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The Big 3

Updated: Jul 21, 2021

I personally enjoy teaching golf with technology. Don't get me wrong, it isn't for everyone however it truly helps me diagnose my clients properly. I remember about 20 years ago when I started teaching golf. 2D video was the latest and greatest thing back then. I remember my first teaching gig at Fiddlesticks driving range in Tempe, AZ. We use to record a clients swing on the range with a camcorder using a Hi8 tape. We would then transfer the tape from the camera to a Hi8 player that would descramble the images through 5 different machines and ultimately into the computer. Believe it or not it was state of the art back then.


Now days we have unbeatable video quality from our phones. We also have amazing technology when it comes to launch monitors. I personally own a Trackman and prefer it over its competitors however they are all good. I would like to share a recent experience I had with a client.


This gentleman came to me from a referral. He was in town for a few weeks and wanted to take a golf lesson. I interviewed him as I always do first thing. He explained to me that he had been pulling several shots left with his irons and slicing his driver to the right. This is a common ball flight for most amateurs. I observed him hitting several 7 irons and then watched a few drivers. I recorded some swings with my phone and measured about 10 shots on my trackman.


The below image shows a single shot during the warm up.


I refer to this post as the big three because that is exactly what I refer to the above circled numbers. To me these are the most important numbers you can look at on a launch monitor as they affect the overall ball flight the most. It is like baking a cake. If you want the cake sweeter, you must add more sugar.


In this case my client, as I stated earlier, was hitting several pulls to the left with short irons and slices to the right with his driver. The "big 3" numbers above fit that explanation to a tee.


Club Face - The club face angle is a measurement in degrees for how much right or left the face is pointing at impact. The face angle determines the balls starting direction. In this particular example, the face was 7.4 degrees pointing to the left in relation to the target. You can see the ball started left of the target.


Club Path- The club path is a measurement for how much right or left the sweet spot of the club is moving in relation to the target at impact. I like to refer to this number as the curve number. It actually is how the face is aligned to the path that determines the curve of a golf shot but in most cases a player who has a negative or left path will be a fader or a slicer of the golf ball. If you want to draw the ball from right to left you have to have a path that is positive or the the right, for a right handed golfer.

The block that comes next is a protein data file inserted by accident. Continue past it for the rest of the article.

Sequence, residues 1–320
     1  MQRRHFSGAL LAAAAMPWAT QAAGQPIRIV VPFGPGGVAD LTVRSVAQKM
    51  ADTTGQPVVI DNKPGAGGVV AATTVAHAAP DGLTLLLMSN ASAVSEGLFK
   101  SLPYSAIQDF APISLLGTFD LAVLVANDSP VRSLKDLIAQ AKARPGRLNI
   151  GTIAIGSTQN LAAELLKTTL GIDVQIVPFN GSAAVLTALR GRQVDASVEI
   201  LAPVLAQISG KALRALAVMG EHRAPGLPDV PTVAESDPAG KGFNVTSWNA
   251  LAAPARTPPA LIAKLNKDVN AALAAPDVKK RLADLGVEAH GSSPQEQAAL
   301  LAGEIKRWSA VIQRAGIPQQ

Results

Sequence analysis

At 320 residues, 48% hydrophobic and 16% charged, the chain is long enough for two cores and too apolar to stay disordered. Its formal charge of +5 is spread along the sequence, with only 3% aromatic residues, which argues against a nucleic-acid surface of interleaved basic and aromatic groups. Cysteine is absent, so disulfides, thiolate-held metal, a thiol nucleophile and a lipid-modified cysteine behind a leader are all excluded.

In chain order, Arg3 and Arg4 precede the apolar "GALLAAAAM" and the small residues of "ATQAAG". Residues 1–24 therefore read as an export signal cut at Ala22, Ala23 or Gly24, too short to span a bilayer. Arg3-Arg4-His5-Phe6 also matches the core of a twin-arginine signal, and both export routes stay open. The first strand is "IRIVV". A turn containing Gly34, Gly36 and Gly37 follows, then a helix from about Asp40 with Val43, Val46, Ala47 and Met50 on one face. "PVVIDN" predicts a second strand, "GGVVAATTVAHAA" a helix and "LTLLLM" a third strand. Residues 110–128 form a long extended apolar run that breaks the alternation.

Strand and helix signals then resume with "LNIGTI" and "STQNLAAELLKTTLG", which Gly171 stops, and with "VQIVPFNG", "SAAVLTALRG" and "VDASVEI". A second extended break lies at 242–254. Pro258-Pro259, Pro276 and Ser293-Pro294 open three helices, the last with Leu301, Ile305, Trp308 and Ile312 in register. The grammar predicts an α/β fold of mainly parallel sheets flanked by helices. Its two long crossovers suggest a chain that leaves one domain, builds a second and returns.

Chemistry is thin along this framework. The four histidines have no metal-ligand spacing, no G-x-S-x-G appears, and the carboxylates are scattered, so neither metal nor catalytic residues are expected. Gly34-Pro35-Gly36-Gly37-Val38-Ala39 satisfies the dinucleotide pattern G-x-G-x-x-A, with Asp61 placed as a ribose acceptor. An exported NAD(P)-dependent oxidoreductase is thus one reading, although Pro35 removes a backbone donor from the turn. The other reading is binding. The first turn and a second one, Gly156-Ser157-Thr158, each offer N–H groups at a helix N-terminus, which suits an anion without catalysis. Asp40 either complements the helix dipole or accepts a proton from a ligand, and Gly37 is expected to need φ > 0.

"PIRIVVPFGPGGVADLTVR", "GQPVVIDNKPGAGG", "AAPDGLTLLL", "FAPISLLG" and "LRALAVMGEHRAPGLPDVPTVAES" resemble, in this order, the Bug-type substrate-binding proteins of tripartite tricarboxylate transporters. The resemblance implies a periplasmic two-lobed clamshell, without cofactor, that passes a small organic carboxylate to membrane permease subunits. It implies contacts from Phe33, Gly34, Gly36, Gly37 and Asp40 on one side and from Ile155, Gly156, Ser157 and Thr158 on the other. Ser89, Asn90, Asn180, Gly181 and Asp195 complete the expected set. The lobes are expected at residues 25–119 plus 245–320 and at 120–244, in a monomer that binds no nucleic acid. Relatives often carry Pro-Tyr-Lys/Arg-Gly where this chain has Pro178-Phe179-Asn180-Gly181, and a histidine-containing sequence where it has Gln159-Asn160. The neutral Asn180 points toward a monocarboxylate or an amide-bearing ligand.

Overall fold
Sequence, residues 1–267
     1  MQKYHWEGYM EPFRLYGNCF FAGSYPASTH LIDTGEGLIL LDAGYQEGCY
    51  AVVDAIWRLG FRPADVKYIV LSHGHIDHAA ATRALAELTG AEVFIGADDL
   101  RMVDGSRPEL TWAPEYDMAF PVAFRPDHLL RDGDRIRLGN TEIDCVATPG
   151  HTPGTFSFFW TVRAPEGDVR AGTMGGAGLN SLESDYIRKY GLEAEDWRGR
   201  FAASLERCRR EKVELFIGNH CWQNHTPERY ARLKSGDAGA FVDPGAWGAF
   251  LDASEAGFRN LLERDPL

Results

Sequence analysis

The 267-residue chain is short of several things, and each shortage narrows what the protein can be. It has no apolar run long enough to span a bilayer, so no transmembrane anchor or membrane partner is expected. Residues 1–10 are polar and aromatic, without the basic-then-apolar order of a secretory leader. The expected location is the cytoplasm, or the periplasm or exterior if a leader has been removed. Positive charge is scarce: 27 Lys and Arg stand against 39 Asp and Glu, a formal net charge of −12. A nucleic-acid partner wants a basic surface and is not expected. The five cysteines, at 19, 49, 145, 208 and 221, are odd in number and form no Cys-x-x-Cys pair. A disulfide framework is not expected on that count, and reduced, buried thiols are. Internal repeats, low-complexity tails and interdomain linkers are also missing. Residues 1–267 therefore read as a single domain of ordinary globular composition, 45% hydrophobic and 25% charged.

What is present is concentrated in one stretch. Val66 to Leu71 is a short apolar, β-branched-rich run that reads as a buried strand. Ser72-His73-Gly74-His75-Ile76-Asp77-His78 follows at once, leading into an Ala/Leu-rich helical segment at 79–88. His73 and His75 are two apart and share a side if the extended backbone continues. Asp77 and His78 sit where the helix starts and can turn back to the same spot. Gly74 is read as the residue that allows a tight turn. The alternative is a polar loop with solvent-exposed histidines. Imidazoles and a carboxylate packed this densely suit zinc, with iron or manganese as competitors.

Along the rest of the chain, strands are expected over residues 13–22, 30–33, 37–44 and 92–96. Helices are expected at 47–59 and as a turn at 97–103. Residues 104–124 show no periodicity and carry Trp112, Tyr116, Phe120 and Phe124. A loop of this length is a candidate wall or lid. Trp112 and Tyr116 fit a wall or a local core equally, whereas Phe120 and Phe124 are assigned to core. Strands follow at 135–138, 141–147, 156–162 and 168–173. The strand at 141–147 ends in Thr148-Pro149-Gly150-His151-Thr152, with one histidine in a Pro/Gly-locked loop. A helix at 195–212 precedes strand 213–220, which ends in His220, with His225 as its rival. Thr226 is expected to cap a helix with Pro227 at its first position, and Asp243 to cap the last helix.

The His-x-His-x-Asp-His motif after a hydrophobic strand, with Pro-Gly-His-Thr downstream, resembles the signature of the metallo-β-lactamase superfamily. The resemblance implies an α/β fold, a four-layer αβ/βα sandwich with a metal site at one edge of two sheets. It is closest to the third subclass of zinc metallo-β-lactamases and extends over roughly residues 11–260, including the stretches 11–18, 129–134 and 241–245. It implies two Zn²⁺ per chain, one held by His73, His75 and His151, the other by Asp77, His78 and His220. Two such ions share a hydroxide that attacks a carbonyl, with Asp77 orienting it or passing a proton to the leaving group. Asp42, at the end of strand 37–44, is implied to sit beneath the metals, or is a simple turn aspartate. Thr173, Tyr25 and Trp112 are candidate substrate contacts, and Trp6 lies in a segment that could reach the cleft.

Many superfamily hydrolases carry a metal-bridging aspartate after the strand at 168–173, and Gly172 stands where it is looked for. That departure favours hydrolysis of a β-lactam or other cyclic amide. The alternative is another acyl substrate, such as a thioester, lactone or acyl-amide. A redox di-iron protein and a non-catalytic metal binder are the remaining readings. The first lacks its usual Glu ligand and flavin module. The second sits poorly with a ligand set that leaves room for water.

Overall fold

Angle of Attack- The angle of attack is one of the most important numbers that is the least talked about in my opinion. This number refers to how much up or down the club head is moving in relation to the ground at impact. For example, on this particular shot the AOA was negative 7.8 degrees. In other words, the club head was moving this many degrees into the ground at the point of contact. For his club head speed, this angle of attack is too drastic. My client had been complaining of wrist soreness and this is undoubtedly why. The AOA also affects the path. The higher a negative number, the more the path will move to the right and vice versa. For these reasons, this is one of the most important numbers to understand when giving a golf lesson.


The Solution


After one very simple setup adjustment, in which I had my client drop his right foot back so he could assume a "closed" stance, I captured more data with my Trackman. The results were much more like I wanted to see them, especially since my client asked me to help him hit a straight shot. Like baking a cake we had to decrease the dosage of path left to more neutral. We also need to get that club face aligned straighter to the target so the ball would start on a better line. In my experience, if you have a path that is extreme in one direction, right or left, it will be very difficult to manage the club face. I was confident that when we adjusted my clients path, the face would start to fall in line. I was also confident that his AOA would "shallow" a bit since he was so over the top.




You can clearly see the difference in the numbers and how they affect the overall ball flight. Oh and he hit the below shot roughly 10 yards farther in the air. The only thing we changed was alignment. We went from a open stance to a more square to slightly closed stance.


When I was just getting going as a teacher I felt I had to change everything around with a client. Over the past 20 years I have learned that simplicity is usually the best option. Don't get me wrong, at times we need major overhauls if we want to improve but in this man's case, it was a simple setup adjustment.

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